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William May (pirate)

William May[a] (fl. 1689–1700) was a pirate active in the Indian Ocean. He was best known for taking over William Kidd’s ship Blessed William and sailing with Henry Avery.


After a time as a buccaneer and privateer in the Nine Years' War,[1] May joined William Kidd's crew in 1689 aboard the Blessed William. Led by Robert Culliford, the crew mutinied against Kidd and voted May as captain, taking several small Spanish vessels in the Caribbean.[1]

May sailed to New York, where acting Governor of New York Jacob Leisler granted May a privateering commission versus the French. May attacked French ships, giving a French prize renamed Horne Frigate to Culliford. After French privateers stole their collected loot, they exchanged the Blessed William for a prize ship they named Jacob and sailed to Madagascar in late 1690.[1] After a cruise in the Indian Ocean, May and his quartermasters Culliford and Samuel Burgess returned to New York, leaving the Jacob under the command of pirate Edward Coates. With a fresh privateering commission in hand from new governor Benjamin Fletcher (Leisler having been executed), May had the 200-ton, 16-gun, 100-man brigantine Pearl fitted out in Rhode Island.[2] Instead of sailing to the coast of Guinea to attack French slave depots, May took the ship back to Madagascar in early 1694 to continue piracy in the Indian Ocean.[1] Culliford had been left behind at Mangalore after being arrested while ashore.[3]

In 1695 May joined Thomas Tew, Richard Want, Joseph Faro, Thomas Wake, and Henry Every in a raid on the Mughal treasure convoys.[4] The convoy almost escaped but the straggler Gunsway and its escort Fateh Mohammed were caught and looted by the pirates, chiefly by Every. Tew was killed early in the battle while Want and Wake could not keep pace with the others and fell behind; Faro's ship had sufficient speed but was denied a share of the treasure, Every claiming they had never participated.[4] May's Pearl had to be towed to the site; they traded with Every afterwards but Every took almost all the money back after his crew discovered that the Pearl’s men had clipped their gold coins.[4]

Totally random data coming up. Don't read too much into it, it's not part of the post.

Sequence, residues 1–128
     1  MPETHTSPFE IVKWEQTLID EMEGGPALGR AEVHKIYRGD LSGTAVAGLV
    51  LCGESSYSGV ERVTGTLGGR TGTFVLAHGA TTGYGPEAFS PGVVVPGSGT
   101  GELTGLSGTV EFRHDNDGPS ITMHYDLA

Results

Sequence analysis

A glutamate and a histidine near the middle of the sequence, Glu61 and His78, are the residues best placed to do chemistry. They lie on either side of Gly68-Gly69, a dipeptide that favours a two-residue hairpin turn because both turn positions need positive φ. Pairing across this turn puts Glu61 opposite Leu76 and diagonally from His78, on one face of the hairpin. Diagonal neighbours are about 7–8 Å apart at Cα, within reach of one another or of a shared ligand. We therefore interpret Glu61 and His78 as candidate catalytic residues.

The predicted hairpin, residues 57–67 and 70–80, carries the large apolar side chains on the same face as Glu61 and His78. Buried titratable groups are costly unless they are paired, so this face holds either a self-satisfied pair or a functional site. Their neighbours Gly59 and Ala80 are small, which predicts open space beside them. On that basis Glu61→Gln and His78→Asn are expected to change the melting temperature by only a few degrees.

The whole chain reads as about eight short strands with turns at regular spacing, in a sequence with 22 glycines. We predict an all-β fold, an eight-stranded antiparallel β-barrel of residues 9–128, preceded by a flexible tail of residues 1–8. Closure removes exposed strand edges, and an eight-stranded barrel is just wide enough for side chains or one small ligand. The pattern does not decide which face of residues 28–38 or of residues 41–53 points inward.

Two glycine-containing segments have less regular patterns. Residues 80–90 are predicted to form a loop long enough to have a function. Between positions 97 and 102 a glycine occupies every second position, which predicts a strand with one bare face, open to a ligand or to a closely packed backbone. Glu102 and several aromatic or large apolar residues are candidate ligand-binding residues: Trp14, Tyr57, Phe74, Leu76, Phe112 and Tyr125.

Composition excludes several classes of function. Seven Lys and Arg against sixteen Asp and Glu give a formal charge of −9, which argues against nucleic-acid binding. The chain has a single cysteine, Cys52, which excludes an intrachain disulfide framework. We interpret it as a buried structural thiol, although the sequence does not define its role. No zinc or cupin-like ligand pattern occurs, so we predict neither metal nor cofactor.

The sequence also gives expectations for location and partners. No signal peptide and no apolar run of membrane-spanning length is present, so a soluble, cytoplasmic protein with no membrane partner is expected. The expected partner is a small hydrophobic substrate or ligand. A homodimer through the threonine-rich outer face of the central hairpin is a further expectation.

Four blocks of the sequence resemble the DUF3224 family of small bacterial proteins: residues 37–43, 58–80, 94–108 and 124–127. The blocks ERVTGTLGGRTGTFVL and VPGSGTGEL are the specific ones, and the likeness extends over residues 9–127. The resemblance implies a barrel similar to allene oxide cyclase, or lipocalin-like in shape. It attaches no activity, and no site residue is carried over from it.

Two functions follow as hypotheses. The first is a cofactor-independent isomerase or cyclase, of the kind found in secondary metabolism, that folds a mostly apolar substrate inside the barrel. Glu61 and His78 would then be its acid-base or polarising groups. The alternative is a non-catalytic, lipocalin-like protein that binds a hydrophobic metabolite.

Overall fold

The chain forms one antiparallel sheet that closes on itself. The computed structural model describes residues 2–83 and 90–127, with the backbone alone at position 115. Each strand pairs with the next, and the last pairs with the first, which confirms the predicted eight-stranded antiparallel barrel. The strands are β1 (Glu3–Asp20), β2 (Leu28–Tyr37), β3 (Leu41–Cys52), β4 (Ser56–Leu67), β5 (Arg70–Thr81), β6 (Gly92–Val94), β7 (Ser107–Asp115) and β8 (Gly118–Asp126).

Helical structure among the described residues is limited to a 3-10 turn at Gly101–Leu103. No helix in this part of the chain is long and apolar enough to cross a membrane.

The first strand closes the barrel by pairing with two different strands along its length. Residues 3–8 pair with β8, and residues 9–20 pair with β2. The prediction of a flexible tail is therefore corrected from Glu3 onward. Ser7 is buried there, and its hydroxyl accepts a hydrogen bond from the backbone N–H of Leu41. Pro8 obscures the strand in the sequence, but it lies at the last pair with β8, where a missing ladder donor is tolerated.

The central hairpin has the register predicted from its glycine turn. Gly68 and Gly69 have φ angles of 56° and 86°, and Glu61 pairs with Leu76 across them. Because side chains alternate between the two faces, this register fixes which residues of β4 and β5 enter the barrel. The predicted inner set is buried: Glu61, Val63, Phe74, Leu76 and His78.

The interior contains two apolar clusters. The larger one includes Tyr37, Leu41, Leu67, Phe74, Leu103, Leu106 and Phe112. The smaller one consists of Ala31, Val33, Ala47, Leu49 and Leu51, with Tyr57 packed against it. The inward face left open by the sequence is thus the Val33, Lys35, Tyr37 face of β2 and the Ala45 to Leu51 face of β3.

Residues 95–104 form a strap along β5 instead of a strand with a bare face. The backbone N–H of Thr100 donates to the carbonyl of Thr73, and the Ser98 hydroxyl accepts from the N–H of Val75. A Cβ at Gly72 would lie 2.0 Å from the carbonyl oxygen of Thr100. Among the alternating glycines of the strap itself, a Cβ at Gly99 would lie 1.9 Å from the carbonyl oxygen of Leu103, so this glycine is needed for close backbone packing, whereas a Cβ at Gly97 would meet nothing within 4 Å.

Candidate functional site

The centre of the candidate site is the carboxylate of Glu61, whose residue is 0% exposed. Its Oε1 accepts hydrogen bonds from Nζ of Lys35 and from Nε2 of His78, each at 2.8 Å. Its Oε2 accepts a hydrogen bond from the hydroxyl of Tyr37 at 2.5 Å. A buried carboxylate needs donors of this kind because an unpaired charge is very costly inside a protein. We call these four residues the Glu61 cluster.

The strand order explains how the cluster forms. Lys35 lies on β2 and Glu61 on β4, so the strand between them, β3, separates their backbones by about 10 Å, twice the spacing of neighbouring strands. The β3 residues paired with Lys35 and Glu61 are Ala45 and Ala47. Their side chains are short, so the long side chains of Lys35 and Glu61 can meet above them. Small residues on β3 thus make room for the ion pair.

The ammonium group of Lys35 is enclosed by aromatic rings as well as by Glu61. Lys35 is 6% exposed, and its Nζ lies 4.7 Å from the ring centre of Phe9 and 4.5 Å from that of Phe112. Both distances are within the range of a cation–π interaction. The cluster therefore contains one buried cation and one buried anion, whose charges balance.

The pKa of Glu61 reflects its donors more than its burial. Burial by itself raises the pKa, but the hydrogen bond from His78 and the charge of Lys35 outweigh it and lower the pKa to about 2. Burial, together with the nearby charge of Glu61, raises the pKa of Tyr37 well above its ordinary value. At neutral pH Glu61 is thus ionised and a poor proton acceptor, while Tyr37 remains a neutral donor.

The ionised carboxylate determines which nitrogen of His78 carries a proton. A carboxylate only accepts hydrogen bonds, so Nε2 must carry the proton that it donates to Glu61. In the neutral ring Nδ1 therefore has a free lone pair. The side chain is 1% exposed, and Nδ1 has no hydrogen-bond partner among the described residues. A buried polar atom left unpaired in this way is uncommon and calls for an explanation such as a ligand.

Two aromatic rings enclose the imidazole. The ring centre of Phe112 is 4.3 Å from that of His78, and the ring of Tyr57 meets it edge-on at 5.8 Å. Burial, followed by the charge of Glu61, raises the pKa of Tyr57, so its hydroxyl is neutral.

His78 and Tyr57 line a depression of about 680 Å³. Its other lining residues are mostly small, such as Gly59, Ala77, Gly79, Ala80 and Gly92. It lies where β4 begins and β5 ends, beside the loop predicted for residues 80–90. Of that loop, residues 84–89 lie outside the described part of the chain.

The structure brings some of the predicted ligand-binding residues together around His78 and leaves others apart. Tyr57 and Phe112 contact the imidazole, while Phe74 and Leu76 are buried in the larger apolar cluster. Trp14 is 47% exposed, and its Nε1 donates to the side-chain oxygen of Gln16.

Later in 1695 William Kidd was engaged as a pirate hunter aboard the Adventure Galley, specifically tasked with capturing or eliminating Tew, Wake, May, John Ireland, and others.[5] The closest Kidd would come would be an unfortunate 1698 meeting with Robert Culliford: most of Kidd's crew, fed up with his captaincy, abandoned him and joined Culliford.[5]

The Pearl sailed toward Ethiopia, taking vessels near India[2] in 1696 before returning to New York to divide their loot. By January 1699 May was at Madagascar again, this time commanding the Charming Mary[2] after its captain Richard Bobbington had been killed raiding ashore in India. Culliford had sailed alongside the Charming Mary for a time, but had departed before May's tenure as captain. May was trying to repeat Every's feat when English pirate hunters were reported en route.[2] May and crew slipped out of Madagascar and sailed once again to New York in 1700 to share out their treasure and retire. Returning to Rhode Island, he was reported to have resumed operating the Whitehorse Tavern (today billed as "the oldest surviving tavern in America") starting in 1702.[6]

May's name (occasionally Mason or Masson) and exploits may have served as inspiration for Captain Charles Johnson’s fictional “Captain Mission” in his A General History of the Pyrates,[7] which was otherwise devoted to historical pirate figures.[8]

Captain William May (Mayes/Mason/etc.) of the Pearl should not be confused with crewman William May, who served on Henry Every's ship Fancy and was one of the few members of that voyage to be executed for piracy.[9]

See also


  1. ^ Last name alternately spelled May, Mays, Mayes, Maise, Maze, Meese, Mues, Mace, Mason, and Masson.


  1. ^ a b c d Ossian, Rob. "William May". Retrieved 26 June 2017.
  2. ^ a b c d Grey, Charles (1933). Pirates of the eastern seas (1618-1723): a lurid page of history. London: S. Low, Marston & co., ltd. pp. 130–132, 158, 192–193. Retrieved 26 June 2017.
  3. ^ Defoe, Daniel (1999). A General History of the Pyrates. Mineola NY: Courier Corporation. p. 685. ISBN 9780486404882. Retrieved 3 July 2017.
  4. ^ a b c Jameson, John Franklin (1923). Privateering and Piracy in the Colonial Period by J. Franklin Jameson. New York: Macmillan. pp. 165–171. Retrieved 26 June 2017.
  5. ^ a b Johnson, Captain Charles (1724). A GENERAL HISTORY OF THE PYRATES. London: T. Warner. p. 124. Retrieved 18 June 2017.
  6. ^ "Prescott Farm". Retrieved 14 July 2017.
  7. ^ Little, Benerson (2010). Pirate Hunting: The Fight Against Pirates, Privateers, and Sea Raiders from Antiquity to the Present. Dulles VA: Potomac Books, Inc. p. 168. ISBN 9781597972918. Retrieved 26 June 2017.
  8. ^ Vallar, Cindy. "Pirates & Privateers - Johnson vs. Defoe: Will the Real Author Stand Up?". Retrieved 3 July 2017.
  9. ^ Fox, E. T. (2014). Pirates in Their Own Words. Raleigh NC: p. 22. ISBN 9781291943993. Retrieved 20 December 2017.